Continued failure to address safety concerns identified in two audits has seen trucks operating for a major Northland logging truck company ordered off the road.

From midnight on Friday, 75 trucks operating under Stan Semenoff Logging will be parked up. It's believed about 85 staff will also be directly affected.

The company plans to appeal the ruling, saying there has never been any serious safety concerns at the firm.

Two audits by NZ Transport Agency revealed concerns relating to driver fatigue and behaviour, and include, breaches of work time and rest time rules, pervasive logbook issues and the accumulation of 116 speed and traffic-related offences over a four-year period.

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The agency has revoked the Whangārei-based company's Transport Service Licence (TSL) due to a continuing failure to address safety concerns.

The company is run by former Whangārei mayor Stan Semenoff, who served four terms, and his son Alexander, according to the Companies Office register.

In a written statement Semenoff said yesterday he was in the process of lodging an appeal in the district court.

The company did not consider NZTA had good grounds for its decision to revoke their Transport Service Licence.

"Stan Semenoff Logging strongly rejects the comments made by NZTA, and strongly disagrees that there has ever been any serious safety concerns at Stan Semenoff Logging to justify this decision," Semenoff said.

Over the course of three years the Agency carried out two audits and had strongly encouraged Stan Semenoff Logging to lift its safety standards, NZTA said.

Unfortunately the Agency considered the company had not complied and the only action left was to revoke the company's Transport Service Licence, which the company was notified of last Friday.

75 trucks operating under Stan Semenoff Logging will be parked up. It's believed about 85 staff will also be directly affected. Photo/ John Stone
75 trucks operating under Stan Semenoff Logging will be parked up. It's believed about 85 staff will also be directly affected. Photo/ John Stone

Regulatory lead and Meredith Connell managing partner Steve Haszard said the first audit in 2016 uncovered a substantial number of issues.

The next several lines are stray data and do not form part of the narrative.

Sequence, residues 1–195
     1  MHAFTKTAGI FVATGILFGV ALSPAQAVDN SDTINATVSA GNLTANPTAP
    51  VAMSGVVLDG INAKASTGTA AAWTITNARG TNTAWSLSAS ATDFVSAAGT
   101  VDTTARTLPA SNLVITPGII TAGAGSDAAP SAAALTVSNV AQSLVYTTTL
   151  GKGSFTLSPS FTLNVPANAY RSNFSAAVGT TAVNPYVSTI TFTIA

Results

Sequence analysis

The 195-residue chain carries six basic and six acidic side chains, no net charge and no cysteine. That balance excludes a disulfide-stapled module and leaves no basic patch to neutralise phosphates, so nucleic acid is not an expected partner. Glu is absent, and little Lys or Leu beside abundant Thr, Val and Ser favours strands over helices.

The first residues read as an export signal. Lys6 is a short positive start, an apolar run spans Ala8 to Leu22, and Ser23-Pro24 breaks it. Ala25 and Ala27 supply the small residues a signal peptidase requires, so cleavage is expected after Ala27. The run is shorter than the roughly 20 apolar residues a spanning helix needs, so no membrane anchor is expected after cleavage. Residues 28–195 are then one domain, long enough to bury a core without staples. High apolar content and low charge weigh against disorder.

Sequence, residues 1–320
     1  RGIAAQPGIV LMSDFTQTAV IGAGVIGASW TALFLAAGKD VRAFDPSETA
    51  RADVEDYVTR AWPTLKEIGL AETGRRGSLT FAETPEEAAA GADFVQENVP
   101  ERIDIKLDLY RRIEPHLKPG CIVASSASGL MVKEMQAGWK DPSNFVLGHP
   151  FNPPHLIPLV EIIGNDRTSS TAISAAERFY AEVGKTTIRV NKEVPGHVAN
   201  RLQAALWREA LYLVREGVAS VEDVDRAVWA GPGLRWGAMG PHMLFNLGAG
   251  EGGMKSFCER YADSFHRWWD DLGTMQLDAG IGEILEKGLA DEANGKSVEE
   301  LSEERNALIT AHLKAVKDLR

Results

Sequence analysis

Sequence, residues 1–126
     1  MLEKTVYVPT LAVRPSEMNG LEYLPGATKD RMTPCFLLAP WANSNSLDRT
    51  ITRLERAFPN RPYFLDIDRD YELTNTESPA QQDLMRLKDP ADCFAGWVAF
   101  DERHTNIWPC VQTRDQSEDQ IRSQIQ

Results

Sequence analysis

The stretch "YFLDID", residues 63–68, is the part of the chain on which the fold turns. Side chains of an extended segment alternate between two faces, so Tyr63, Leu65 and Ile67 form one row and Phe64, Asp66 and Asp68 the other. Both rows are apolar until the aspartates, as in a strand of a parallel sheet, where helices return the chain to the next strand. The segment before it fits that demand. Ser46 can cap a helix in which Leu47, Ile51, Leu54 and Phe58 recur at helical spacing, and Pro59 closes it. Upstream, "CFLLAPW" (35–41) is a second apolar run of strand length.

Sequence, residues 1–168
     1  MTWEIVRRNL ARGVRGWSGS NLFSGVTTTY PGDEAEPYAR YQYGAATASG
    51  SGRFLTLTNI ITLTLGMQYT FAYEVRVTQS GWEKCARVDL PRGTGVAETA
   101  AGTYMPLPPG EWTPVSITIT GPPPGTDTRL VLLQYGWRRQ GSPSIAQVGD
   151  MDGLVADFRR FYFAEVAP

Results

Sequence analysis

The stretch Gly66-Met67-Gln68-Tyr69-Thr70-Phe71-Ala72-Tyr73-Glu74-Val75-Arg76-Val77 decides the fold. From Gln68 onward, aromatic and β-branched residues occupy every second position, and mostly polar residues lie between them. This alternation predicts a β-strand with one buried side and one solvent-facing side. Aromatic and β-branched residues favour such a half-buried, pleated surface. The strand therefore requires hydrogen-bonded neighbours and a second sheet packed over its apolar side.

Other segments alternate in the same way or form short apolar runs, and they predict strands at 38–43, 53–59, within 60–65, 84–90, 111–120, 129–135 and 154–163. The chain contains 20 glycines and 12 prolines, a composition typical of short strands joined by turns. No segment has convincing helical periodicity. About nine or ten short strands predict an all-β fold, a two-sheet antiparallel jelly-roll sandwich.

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As 96 per cent of all heavy vehicle crashes were due to driver error it was concerning the audit revealed long driving hours and speeding drivers.

Haszard said when a second audit was carried out in 2017 the same problems around safety still existed.

"The Transport Agency has given Stan Semenoff Logging every opportunity to provide evidence of improvement, but over the course of two audits and three years we have seen that this company is either unwilling or unable to comply with the necessary transport operator safety standards," Haszard said.

In August 2018 the Agency issued a "notice of proposal" — effectively a final warning — to Stan Semenoff Logging indicating what would happen if the company could not demonstrate they had reached safety standards required.

"The revocation is a safety decision, plain and simple. It's not just about the safety of Mr Semenoff's drivers, it's about the safety of all Northland's other road users. It was ultimately up to Stan Semenoff Logging to avoid this situation by demonstrating safety improvement. We were given many assurances from his company that standards would be lifted, but in the end, they weren't," Haszard said.

"As with every revocation we enforce, we know this will have an impact on those people employed by the company, and that is why we have made every effort to extensively engage with Mr Semenoff to avoid getting to this point."

David Aitken, chief executive officer of the National Road Carriers Association, said the transport industry needed to be safe and compliant.

He said the disappointing part of the equation was the drivers and their families would now be with out an income.

"But at the end of the day it's about safety and we want operators to be compliant."

The revocation will take effect on Friday.